I don't know but that I think the same thing about the writing of Freedom Jones, whose name absolutely must be fake. The Fired Up! screenplay - which may or may not have included copious improv, if the end-credits outtakes are to be believed - has a bizarre ambition that belies the projects barrel-scraping concept, and frankly seems to be the work of a mind with no real relationship to actual human culture. To maintain the PG-13 rating, the film relies upon copious, virtually unending euphemisms and innuendos, none of which are particularly confusing; yet they are all extremely strange. Not funny, not whatsoever: almost all of them are given to Nick, who seems unable to relate to anything in life except in sexual terms, and he is an unendingly grating character, played by Olsen in a wholesale rip-off of Jim Carrey's style of mugging. So the euphemisms are not amusing - but they are mesmerising, both for their creativity and their sheer volume. Then too does Jones indulge in a shocking amount of political name-dropping, and this does not even appear to be in the service of non-existent gags: it's just to add color, or something. It is, at any rate, excitingly random.

So much of the film is just so damn strange! The film's requisite villain, an arrogant college freshman, is associated on the soundtrack exclusively with rock songs composed before his birth, from both the '70s and '80s; this makes no sense whatsoever, but it is a theme which is never dropped or treated with anything but the gravest sincerity. The high school kids are more typically set against current pop songs; but there are many of them, used in strange places. In fact, the soundtrack is very aggressive and loud, to the point where we are very much listening to montages more than watching them. Setting that aside, there's the strange manner of the film's sense of humor, which is not zany and loud (like most modern comedies) nor reflexively bawdy (the rest); bawdiness and loudness are components, but by far the most common tack for the gags in this film to take is that they are befuddling. Not befuddling in the sense, "Why would someone think this is funny?" but in the sense, "What the hell is happening?" And that applies both to the rapid-fire, colorful, completely opaque dialogue as well as the narrative framework itself. If the film is not funny, and it very much is not, I think this is mostly because it is so absurd - bearing in mind that absurdism, in its pure form, has nothing to do with comedy and everything to do with anarchy and nihilism.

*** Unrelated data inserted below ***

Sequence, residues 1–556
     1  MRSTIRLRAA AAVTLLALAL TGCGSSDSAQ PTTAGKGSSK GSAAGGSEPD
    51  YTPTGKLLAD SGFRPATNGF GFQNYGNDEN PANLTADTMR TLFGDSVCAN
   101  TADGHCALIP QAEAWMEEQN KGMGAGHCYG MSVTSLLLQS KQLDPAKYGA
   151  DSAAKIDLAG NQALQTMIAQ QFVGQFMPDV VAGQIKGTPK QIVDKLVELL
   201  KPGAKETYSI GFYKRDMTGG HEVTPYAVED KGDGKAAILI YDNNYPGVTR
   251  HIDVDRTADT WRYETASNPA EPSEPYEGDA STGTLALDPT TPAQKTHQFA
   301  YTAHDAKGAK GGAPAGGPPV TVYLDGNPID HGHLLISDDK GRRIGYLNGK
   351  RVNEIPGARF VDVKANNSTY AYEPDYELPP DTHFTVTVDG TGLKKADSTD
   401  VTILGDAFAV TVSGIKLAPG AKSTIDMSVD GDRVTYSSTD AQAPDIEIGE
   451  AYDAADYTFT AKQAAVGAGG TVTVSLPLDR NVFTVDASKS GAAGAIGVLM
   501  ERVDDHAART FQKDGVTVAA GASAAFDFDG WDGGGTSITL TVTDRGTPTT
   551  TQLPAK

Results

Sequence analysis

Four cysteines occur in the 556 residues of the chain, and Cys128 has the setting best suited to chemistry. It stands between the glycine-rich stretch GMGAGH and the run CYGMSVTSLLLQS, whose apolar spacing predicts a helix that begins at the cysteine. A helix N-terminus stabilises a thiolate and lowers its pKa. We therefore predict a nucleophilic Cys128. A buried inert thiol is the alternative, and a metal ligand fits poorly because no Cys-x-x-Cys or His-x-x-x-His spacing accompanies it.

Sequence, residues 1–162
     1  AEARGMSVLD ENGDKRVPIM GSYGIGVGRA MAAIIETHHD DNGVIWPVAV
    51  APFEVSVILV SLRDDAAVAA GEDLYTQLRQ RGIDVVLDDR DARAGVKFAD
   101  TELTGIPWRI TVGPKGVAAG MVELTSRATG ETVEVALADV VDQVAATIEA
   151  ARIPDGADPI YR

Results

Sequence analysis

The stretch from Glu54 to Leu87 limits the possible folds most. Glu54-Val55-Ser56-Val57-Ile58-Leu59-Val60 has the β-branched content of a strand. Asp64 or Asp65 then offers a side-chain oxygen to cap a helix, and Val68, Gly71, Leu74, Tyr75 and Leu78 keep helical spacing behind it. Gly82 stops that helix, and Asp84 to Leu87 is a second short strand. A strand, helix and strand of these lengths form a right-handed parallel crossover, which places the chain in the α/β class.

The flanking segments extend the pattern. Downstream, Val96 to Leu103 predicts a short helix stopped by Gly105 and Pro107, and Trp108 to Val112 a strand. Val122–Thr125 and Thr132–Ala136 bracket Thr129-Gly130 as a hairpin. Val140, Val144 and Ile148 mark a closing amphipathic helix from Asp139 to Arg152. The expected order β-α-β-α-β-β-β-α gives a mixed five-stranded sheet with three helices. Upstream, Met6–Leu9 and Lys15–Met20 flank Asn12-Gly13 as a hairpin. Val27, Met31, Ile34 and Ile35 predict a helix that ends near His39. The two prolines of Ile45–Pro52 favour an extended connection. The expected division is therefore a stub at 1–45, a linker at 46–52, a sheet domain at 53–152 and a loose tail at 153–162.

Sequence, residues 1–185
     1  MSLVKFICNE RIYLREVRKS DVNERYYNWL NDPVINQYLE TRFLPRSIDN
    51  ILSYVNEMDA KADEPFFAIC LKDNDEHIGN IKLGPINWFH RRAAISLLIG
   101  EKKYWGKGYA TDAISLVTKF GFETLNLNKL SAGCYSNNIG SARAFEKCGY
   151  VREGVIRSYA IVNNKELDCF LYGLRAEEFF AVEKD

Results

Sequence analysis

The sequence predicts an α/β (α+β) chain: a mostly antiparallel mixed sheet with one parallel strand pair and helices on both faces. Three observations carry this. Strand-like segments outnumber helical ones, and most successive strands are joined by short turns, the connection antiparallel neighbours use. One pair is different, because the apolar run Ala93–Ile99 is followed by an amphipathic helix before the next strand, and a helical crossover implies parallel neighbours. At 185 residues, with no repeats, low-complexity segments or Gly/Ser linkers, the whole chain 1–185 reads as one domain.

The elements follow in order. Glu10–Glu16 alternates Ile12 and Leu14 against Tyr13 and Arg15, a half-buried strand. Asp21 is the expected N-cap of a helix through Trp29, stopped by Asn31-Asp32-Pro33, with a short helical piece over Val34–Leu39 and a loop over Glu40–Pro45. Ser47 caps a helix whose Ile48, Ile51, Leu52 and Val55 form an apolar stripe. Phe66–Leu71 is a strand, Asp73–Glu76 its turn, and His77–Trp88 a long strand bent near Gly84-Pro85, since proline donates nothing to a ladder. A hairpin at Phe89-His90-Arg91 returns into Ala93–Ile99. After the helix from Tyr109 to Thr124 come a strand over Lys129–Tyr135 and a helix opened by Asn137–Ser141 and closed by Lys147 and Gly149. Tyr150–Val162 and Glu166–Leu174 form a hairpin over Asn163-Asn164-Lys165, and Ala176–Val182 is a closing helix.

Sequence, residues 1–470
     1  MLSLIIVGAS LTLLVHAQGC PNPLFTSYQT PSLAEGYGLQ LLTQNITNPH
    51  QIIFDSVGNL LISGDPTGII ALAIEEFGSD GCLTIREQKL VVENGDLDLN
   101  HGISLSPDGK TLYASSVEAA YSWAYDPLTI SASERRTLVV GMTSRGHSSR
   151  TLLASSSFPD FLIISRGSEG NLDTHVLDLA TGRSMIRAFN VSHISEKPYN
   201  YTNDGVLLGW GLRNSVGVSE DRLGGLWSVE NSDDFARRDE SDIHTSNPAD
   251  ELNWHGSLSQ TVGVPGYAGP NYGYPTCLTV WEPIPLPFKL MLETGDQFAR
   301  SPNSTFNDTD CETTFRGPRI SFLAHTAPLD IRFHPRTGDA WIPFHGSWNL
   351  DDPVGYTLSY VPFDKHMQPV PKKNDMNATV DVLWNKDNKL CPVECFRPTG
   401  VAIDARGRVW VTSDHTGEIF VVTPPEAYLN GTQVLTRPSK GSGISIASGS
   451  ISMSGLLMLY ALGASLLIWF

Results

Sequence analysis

I have basically just described a bad comedy, and that is because Fired Up! is a bad comedy, and even a bad film, by any standard yardstick. But its badness is aggressive, anxious: it is not the result of doing things poorly, but of doing things that have no earthly reason to be done whatsoever. Looking over what I've written, I see that I have not communicated, and probably cannot communicate, how much of Fired Up! violates the most basic rules of cinematic storytelling grammar; and for this reason it transfixed me body and soul. The film is a disaster that has chanced its way into being a bold, terrifying experiment, where the idea of "good" or "bad", or even the simpler concepts "works" and "doesn't work" don't really matter. It amazed and delighted me simply by dint of existing so far outside of what actual filmmaking is supposed to look like.

Part of me wishes that every movie were so callously disrespectful to the rules; cinema would be a much more exhilarating artform. We'd also probably all be insane by now.

(no rating)
(4/10 as a teen sex comedy)
(8/10 as an avant-garde antimovie)